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Drought in California, earthquake in Napa. We look at broken bottles and the health of the American wine industry.
The headlines out of America’s most famous wine country have been very rough lately. California, absolutely parched. In the thick of a frighteningly deep drought. And Napa – as in Napa Valley, wine heaven – the epicenter of a major earthquake just this last Sunday. We all saw the piles of broken barrels and the shattered bottles of wine. Between drought and quake, we wondered what’s up with American wine production. So we called the top experts. They’re with us. To tell us. And the news is by no means all bad. This hour On Point: after drought and quake – American wine.
Washington Post: A big loser in West Coast quake: Napa Valley wineries — "The country’s well-known wine-making region, Napa Valley, was at the epicenter of the earthquake responsible for dozens of injuries and damages estimated to surpass $1 billion. And wine that bled out on cellar floors will make up a hefty chunk of the lost revenue. The valley’s more than 500 wineries generate some $13 billion a year for the regional economy, according to Napa Valley Vintners, a trade organization."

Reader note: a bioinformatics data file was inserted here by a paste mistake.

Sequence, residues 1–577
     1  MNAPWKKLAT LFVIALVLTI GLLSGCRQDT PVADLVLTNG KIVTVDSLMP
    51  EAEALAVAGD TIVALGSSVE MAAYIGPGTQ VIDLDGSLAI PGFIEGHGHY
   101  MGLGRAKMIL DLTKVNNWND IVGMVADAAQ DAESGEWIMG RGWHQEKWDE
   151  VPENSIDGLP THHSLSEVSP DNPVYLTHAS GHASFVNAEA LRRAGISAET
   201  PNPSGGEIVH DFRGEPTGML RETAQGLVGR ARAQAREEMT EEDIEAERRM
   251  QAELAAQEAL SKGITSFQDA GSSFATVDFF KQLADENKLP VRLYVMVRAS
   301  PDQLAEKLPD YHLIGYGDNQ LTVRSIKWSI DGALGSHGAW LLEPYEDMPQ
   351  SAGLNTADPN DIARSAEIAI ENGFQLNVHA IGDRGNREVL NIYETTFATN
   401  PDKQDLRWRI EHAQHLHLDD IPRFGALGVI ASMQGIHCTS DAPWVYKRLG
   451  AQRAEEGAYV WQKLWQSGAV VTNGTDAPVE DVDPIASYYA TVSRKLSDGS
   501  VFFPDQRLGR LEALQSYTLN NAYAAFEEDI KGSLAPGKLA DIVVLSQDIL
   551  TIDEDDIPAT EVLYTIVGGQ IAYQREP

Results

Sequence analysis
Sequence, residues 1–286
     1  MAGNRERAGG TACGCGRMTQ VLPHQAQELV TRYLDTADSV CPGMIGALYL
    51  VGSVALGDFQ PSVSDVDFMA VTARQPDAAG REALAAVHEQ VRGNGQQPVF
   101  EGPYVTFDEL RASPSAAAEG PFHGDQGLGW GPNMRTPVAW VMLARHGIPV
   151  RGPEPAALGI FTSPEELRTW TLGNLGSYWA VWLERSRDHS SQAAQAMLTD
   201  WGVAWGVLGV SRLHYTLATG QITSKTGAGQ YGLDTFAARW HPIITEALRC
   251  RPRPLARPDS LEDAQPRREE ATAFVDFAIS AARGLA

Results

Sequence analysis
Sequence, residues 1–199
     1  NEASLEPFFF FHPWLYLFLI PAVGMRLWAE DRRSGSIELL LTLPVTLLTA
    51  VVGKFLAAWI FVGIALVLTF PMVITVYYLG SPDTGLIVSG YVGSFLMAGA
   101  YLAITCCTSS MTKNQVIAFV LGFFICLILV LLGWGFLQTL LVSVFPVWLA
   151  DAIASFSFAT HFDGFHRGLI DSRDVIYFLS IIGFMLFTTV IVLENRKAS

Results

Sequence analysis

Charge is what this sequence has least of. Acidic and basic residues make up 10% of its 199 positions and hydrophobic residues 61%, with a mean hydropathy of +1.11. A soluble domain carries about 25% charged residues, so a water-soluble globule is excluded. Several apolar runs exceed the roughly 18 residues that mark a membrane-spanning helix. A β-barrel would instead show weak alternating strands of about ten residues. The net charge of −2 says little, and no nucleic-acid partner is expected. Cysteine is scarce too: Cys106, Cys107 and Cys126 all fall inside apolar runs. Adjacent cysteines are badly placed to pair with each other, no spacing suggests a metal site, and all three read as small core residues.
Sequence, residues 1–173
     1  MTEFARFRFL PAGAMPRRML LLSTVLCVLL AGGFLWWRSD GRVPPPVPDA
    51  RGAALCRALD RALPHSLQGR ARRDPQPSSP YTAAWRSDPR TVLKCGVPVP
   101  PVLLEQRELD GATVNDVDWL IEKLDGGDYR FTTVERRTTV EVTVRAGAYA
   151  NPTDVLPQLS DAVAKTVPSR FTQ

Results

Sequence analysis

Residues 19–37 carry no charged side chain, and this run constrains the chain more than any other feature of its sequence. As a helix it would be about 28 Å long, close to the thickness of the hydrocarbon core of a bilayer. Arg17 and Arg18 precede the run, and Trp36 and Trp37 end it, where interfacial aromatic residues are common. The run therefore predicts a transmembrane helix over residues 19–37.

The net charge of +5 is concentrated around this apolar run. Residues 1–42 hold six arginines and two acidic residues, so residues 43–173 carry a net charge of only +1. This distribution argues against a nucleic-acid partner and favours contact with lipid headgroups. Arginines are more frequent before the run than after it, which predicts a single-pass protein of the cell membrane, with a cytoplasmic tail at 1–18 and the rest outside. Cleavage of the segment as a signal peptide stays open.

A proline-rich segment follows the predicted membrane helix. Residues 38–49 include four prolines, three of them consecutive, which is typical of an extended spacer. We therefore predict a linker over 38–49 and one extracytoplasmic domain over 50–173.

Los Angeles Times: How to keep your wine safe in an earthquake — "We’ve seen the photos of Napa wineries after Sunday morning's magnitude 6.0 quake. Wine bottles that flew off shelves lie in a heap in middle of floor. Broken bottles and crushed boxes. Some wineries lost rare older vintages or special blends that are part of their history. In a violent earthquake where walls collapse, there’s not much anyone could do to protect a wine collection. But there are some basic precautions you can take that will help to keep your wines safe during minor temblors."
The Atlantic: The Modest Pleasure of Boxed Wine — "Boxed wine seems to be the antithesis of the refined experience we typically associate with wine—the distinctly adult pleasure of uncorking a bottle and carefully pouring the contents into a fluted glass before inspecting its legs and savoring its bouquet. Things are starting to change, though, and winemakers are expanding the range of boxed offerings with entries that taste more dinner party than dorm room. "
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